Types of oligopolies

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Types of oligopolies
The soft drinks market is a very obvious oligopoly. (Justin Sullivan/Getty Images News/Getty Images)

An oligopoly is a situation where several sellers dominate a particular market. This often leads to a lack of price movements: if a seller increases prices he will lose business to rivals, while if a seller cuts prices his rivals will usually follow suit leaving everyone with lower takings. Oligopolies can be broken down according to several characteristics.

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Narrow vs wide

The precise definition of oligopoly can vary. In the widest definition it can cover any situation that falls between a pure monopoly (only one seller) and perfect competition (multiple sellers and buyers with no barriers to entry.) Usually though it refers to a more specific situation: one in which there are many buyers but few sellers, with barriers of entry making it hard for new sellers to get into the market. It's important to check the context in which the term "oligopoly" is used: some writers may use it less in relation to the characteristics of the market in question and more in relation to the effects it has on price and competition.

Pure

Oligopolies can also fall into two categories, impure and pure. In a pure monopoly, the sellers are selling identical (homogenous) goods and services. Examples include metals such as gold or oil. The theories of how oligopolies affect markets are more likely to be borne out by reality in a pure oligopoly.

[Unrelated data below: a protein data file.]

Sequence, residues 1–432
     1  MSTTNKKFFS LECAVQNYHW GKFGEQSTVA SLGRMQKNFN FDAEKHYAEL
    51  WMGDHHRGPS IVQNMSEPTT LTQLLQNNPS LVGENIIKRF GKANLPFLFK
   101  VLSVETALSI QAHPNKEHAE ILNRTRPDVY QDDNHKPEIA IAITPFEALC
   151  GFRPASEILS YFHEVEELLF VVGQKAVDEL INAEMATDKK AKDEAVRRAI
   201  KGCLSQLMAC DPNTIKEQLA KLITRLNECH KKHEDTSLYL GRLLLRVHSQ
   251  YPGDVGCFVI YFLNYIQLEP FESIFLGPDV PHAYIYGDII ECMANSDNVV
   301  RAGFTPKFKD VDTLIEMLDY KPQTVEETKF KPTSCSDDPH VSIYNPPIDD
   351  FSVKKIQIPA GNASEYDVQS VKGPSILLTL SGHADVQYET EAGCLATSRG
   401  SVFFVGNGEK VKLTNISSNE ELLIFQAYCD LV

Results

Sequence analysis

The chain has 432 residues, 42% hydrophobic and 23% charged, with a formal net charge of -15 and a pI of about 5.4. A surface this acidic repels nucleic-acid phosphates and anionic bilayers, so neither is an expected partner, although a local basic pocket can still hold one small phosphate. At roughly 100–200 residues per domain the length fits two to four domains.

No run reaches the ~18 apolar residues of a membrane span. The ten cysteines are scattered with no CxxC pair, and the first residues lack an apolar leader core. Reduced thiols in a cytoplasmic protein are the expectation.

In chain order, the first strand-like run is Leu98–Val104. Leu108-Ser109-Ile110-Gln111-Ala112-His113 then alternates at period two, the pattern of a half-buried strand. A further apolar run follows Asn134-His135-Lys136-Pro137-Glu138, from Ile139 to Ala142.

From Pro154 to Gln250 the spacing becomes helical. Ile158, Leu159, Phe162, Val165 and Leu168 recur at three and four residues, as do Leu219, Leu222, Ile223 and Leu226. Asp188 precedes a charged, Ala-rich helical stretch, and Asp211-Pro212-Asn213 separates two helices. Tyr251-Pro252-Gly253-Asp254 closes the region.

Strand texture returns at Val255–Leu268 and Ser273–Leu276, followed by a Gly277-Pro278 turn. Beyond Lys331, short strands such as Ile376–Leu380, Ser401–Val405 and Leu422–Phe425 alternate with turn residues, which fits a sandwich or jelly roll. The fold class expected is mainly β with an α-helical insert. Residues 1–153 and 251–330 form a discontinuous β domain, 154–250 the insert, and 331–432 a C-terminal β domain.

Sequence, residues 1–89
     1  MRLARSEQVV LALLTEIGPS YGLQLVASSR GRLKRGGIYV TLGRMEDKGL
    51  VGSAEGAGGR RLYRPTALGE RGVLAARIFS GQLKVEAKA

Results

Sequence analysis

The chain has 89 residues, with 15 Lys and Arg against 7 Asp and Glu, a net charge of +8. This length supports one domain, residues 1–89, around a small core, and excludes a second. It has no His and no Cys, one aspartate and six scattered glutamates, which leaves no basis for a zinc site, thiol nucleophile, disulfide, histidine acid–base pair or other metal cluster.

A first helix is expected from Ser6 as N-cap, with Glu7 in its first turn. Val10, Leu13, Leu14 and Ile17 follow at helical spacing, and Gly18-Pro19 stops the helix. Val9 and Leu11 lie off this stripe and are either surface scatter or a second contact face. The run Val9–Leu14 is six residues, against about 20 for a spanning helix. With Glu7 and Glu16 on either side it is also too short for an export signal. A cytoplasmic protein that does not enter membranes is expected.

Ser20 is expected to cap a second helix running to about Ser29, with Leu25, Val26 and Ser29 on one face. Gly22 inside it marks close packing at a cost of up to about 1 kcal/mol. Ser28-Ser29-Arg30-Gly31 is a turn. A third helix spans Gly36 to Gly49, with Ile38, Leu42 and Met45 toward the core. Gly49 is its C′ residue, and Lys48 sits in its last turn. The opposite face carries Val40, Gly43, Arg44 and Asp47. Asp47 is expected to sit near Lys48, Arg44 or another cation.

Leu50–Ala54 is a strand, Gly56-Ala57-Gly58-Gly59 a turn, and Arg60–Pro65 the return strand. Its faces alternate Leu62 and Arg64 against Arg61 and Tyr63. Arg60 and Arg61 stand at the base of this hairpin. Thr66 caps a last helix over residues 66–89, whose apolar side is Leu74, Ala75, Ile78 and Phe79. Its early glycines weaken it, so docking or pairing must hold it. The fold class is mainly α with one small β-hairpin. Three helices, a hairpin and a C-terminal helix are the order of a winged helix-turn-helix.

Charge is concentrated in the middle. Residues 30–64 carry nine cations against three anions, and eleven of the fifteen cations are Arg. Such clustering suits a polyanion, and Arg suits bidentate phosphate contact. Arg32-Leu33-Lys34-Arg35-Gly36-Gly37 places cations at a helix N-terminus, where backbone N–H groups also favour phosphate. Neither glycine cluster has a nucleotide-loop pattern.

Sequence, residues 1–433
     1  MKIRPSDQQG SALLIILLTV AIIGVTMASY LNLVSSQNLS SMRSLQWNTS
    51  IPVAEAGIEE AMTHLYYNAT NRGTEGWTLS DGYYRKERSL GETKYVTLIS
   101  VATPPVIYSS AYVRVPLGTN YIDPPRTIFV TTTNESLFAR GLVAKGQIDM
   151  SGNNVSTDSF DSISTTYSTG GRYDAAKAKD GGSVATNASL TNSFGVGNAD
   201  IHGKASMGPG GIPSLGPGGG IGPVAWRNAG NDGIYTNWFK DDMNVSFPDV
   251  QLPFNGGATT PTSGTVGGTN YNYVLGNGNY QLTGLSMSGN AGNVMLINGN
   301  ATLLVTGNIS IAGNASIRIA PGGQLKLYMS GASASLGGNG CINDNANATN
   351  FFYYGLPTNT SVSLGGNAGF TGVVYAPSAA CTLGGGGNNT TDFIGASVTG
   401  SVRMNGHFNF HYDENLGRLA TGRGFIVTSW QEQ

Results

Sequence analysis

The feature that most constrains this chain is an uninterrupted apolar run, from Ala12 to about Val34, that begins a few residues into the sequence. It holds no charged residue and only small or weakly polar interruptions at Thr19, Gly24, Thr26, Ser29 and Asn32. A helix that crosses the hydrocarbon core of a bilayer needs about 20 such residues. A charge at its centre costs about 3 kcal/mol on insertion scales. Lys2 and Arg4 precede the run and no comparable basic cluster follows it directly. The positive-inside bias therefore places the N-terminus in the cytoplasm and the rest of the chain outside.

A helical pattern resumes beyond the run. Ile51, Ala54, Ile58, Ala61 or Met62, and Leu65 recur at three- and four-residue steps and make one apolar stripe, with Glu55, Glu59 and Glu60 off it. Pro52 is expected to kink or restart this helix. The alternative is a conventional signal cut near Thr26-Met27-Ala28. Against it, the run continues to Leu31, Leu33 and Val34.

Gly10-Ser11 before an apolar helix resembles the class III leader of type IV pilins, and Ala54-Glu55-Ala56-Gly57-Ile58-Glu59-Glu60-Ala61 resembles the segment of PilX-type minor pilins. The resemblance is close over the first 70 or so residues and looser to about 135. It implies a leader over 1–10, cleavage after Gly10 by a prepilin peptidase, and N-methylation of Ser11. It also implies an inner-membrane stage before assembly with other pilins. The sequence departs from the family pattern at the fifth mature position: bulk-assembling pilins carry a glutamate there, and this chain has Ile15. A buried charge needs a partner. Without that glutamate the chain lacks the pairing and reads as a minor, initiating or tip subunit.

Impure

In an impure oligopoly, the sellers are selling goods that are not entirely identical (homogenous). The differences could be as simple as branding of otherwise identical products. Alternatively the differences could be distinctive without changing the basic product, for example rival brands of cola drink. In an impure oligopoly, these differences limit some of the price effects. For example, if Pepsi put up prices or Coca Cola cut prices, some consumers would remain with their chosen brand rather than switch to what was now the cheaper option.

Cartel

In some oligopolies, sellers all increase their prices and maintain them at a higher level. This reduces the problem of consumers switching to an alternative, cheaper seller. The effect of these across-the-board price rises is similar to that which occurs in a true monopoly. Such situations are known as a cartel when the firms have actively agreed to fix prices and tacit collusion when it happens without a formal agreement or arrangement.

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